If you’ve read this website for three or four minutes you might already know that winter is not my favorite season. I’ve been known to shiver uncontrollably as soon as the temperatures dip below 70 degrees.
When we started hearing about Snowstorm Jonas I just ignored it because that’s my favorite way to deal with problems. I act like they aren’t real.
Me: Maybe it won’t happen?
Weatherman: It will happen.
Me: Maybe it won’t be bad in Richmond?
Weatherman: It will be bad in Richmond.
Me: Maybe the forecast is exaggerated?
Weatherman: The forecast is not exaggerated.
Just a few hours before the storm, Thomas woke up with a fever. I can handle a baby with a fever, but coming on the heels of three straight weeks of a virus, which ended in a hospitalization and was capped off with strep throat, I admit I was a little on edge. That, paired with a forecast of the biggest snowfall in the history of Richmond, I was feeling a little Britney Spears with a buzzcut.
Here’s my question: if you have a heat pump, how do you heat your house if you lose power? This is a legitimate question. Growing up, we lost power in snow storms but we had a wood stove. Now if we lose power do we just freeze? Is that the only option? My disdain will keep me warm, but what about my babies?
It snowed and snowed and Tom and I took turns held our fever baby. I kept a big pot of hot cocoa warm on the stove in an effort to have FUN, but could not stop imagining us losing power and all of the food in my freezer spoiling.
The snow stopped sometime before midnight on Saturday, and right around the same time Thomas’s fever broke.
The next day we still had power, the sun came out, Thomas was on the way to recovery, and I finally felt like I could exhale. Turns out the only real inconvenience of the snowstorm was that two packages from Amazon are delayed. We are still waiting for something I ordered four days ago. THE INCONVENIENCE! I feel like I’m living in 2013.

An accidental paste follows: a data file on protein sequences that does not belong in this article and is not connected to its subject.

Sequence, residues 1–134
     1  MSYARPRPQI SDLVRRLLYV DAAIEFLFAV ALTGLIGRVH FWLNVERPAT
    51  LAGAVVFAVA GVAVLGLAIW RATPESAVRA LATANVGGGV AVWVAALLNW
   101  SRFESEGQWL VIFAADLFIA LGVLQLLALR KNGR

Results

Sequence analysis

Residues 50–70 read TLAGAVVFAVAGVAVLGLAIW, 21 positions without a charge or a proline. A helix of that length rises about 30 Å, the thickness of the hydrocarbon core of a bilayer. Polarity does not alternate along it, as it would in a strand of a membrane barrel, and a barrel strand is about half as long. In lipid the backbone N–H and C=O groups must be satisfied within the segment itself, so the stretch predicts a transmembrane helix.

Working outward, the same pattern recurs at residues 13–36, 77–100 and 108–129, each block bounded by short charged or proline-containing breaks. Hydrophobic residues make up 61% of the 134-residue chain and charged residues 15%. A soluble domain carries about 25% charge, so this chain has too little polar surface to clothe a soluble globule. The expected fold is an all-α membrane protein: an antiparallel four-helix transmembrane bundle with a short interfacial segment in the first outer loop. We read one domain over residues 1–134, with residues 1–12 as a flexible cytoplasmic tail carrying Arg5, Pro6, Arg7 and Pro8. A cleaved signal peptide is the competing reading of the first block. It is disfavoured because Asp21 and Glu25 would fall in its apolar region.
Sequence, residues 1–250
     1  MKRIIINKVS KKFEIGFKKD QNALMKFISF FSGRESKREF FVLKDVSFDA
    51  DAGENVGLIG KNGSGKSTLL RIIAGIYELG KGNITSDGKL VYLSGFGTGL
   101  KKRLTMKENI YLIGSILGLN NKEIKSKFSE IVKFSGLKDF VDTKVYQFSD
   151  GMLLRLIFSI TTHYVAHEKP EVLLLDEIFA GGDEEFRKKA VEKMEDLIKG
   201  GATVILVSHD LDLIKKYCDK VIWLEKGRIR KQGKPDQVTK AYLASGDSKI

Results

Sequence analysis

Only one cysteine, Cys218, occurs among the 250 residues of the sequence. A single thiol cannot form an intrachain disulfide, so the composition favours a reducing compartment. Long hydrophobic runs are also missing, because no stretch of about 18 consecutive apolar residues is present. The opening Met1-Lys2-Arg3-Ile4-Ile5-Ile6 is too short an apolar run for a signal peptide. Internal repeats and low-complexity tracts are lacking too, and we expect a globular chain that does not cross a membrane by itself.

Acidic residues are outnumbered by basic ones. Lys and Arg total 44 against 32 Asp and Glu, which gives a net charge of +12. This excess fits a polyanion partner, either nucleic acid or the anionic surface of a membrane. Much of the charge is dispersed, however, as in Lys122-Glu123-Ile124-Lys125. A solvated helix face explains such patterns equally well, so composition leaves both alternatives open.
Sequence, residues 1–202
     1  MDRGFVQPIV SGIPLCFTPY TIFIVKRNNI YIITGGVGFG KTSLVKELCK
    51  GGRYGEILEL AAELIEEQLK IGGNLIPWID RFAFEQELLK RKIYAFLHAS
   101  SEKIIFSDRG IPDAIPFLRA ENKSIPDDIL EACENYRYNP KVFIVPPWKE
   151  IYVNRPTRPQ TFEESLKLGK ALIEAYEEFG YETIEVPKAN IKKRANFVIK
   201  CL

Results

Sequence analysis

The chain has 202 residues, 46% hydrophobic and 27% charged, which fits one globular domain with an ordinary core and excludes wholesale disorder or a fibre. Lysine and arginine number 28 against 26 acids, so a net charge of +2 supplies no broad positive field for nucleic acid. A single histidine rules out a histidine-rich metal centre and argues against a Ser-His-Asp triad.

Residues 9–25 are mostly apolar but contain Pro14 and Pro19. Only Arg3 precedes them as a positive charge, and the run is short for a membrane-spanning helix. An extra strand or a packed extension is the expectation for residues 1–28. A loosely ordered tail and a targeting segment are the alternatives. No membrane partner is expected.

On Sunday morning I stuck my head out my front door, blinking like I was coming out of a bomb shelter, and smiled at the piles of perfect, powdery snow in my front yard.
We’ve been outside playing nonstop; dragging the kids up and down the street in sleds, exploring our alley, stomping through drifts with neighbors, eating snow ice cream, going on sledding adventures with Daddy.
A snow day is sort of like if, occasionally in the summer, sand and saltwater fell from the sky and your entire yard turned into the beach until it got cold enough to freeze it away.
Sort of incredible.
For the past few nights, Tom has been taking David and Mary Virginia sledding after dinner. We wriggle them into their boots and layers (again) and they’re gone for an hour while I clean up after dinner. When they get home they’re snow-exhausted and collapse into bed.
Last night I decided to leave the mess, because I wanted to go too. Tom pulled the big kids and I carried Thomas, who was still chewing a pork dumpling from dinner.
Childhood sledding stories, I think, are hilarious because everyone thinks their sledding was the best. No one ever says, “Yeah, when I was a kid our sledding was mediocre.”
Everyone had the best, fastest, longest hills and the most incredible wipe-outs.
Except I can say with absolute authority that the sledding in every single back yard in Franklin County, VA is better than the best hill in Richmond, VA. Richmonders, don’t even try. If you have to drive me to a hill then you’ve already lost.
But when David tells the story of that time he went night sledding with his parents and catapulted off the sled, I hope he says the drop was almost 90 degrees, and he flew almost 50 feet.
If he needs someone to corroborate the story he won’t have to look any further than his mother.